Through Fire Door Safety Week (FDSW), fire door safety campaigners are working to ensure public and private sector landlords and building owners stop risking the lives of tenants and ensure fire doors are correctly inspected, specified, fitted and maintained.
Fire doors are the first line of defence against devastating fires and, when properly built, installed and maintained, they save lives and protect property. Despite this, fire doors across the UK are still often badly fitted, non-compliant, left propped open or damaged and, as a result, could be putting millions of lives at stake.
The team behind FDSW 2018 (which runs from 24-30 September) is gearing up for its campaign that will continue to educate about the critical role that fire doors play in delaying the spread of smoke and fire and keeping occupants and firefighters safe.
The FDSW campaign – entitled: ‘Fire Door Five: Shutting the Door on Fire and Smoke’ – aims to draw attention to the importance of properly-fitted and accredited fire doors as well as raising awareness of the dangers of smoke inhalation and the role that correctly installed fire doors can play in preventing the spread of both fire and smoke.
Part of the activity will see campaigners explore the need to establish a Building Safety Fund to help pay for vital and potentially life-saving fire safety improvements in Local Authority and Housing Association accommodation.
Hannah Mansell, spokesperson for FDSW as well as being the British Woodworking Federation’s (BWF) head of technical research and insight, chair of the Passive Fire Protection Forum and a trustee of the Children’s Burns Trust, said: “Through Fire Door Safety Week, we will once more renew our efforts to ensure that residents, landlords and building owners across the UK are armed with the information they need to make informed decisions that will improve safety.”
Mansell continued: “There’s no doubt that, when fully-fitted with their correct and compatible components, properly installed and maintained, fire doors play a crucial role in saving lives in the event of a fire. The legacy of neglect means that more lives could be lost as a result of sub-standard fire protection measures. We know that the necessary corrective actions will cost money and that’s precisely why we are asking the Government set up a Building Safety Fund for Housing Associations and Local Authorities such that they can carry out replacement and repair works. Finance should not be used as an excuse. The stakes are too high.”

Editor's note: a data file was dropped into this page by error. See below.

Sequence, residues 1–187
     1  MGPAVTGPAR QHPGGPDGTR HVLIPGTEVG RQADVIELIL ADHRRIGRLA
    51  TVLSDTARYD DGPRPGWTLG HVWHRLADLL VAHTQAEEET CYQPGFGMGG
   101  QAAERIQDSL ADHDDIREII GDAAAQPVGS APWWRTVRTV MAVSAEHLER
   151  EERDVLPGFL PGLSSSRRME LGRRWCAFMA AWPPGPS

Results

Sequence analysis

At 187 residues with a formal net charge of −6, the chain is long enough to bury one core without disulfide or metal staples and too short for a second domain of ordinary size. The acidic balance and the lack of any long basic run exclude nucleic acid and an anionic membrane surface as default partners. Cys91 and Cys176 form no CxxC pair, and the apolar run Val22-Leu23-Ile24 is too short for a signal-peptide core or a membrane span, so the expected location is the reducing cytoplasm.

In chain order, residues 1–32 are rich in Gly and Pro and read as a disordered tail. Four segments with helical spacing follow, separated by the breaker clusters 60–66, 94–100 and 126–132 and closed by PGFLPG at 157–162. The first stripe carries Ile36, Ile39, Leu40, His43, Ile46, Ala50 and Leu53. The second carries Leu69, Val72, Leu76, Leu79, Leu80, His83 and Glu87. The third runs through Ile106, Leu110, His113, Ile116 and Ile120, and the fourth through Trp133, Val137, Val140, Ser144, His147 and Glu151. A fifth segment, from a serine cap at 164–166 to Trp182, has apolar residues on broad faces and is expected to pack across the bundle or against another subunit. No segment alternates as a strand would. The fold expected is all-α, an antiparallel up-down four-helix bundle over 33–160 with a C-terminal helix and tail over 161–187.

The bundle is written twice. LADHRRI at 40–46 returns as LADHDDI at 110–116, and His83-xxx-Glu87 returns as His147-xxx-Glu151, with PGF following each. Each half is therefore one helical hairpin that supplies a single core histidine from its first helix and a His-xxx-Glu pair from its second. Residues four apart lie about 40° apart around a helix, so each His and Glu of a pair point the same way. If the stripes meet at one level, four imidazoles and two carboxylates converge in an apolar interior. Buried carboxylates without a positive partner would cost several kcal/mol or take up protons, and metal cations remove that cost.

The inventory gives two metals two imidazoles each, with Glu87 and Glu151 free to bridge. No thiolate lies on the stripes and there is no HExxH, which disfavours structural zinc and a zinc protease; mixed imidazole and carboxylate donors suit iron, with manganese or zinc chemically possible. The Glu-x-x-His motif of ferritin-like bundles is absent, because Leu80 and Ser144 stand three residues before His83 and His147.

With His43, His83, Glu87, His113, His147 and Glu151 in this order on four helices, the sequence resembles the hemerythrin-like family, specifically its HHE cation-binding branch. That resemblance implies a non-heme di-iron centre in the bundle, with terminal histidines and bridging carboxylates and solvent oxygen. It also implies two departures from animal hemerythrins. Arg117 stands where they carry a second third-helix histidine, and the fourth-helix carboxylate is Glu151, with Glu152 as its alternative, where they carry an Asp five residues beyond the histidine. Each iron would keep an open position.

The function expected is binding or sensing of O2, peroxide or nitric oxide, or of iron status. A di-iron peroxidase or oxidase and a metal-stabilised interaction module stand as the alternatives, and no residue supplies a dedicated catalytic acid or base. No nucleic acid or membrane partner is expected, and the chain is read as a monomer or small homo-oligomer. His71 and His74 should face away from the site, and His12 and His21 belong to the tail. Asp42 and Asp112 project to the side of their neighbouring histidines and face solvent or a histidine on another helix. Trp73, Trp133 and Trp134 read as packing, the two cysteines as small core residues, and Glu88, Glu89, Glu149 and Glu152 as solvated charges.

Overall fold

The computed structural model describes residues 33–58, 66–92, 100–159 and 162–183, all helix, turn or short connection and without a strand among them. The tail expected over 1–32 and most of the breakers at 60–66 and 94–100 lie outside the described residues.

Mansell went on to state: “Tenants and the general public will, as always, play a key part and make sure their voices are heard by reporting fire doors that are propped open, damaged or in poor condition, rather than waiting for landlords or building owners to inspect fire doors. Indeed, as part of Fire Door Safety Week, we have created a Five-Step Fire Door Check to help people check their fire doors and empower them to report faults.”
Massive learning curve
Over the last year, there has been significant discussion about the responsibility of landlords, councils and Housing Associations to ensure the safety of their tenants, but according to Mansell there’s still a massive learning curve in terms of awareness about how fire doors that are correctly specified, installed, maintained and of course closed can limit the effect of fire and smoke, and what to do in the event of a fire.
“Due to this uncertainty, our focus for Fire Door Safety Week in 2018 is ‘shutting the door on fire and smoke’. We want to educate everyone on how effective fire doors can be in stopping the spread of fire and smoke.”
A national campaign, FDSW is run by the BWF, the BWF-Certifire Scheme and the Fire Door Inspection Scheme in partnership with the Home Office’s own National Fire Safety Campaign. Throughout the week, there will be numerous events and campaign activities designed to raise awareness about the importance of fire door safety.
*To access a free toolkit of fire safety advice resources to help run your own FDSW activities visit www.firedoorsafetyweek.co.uk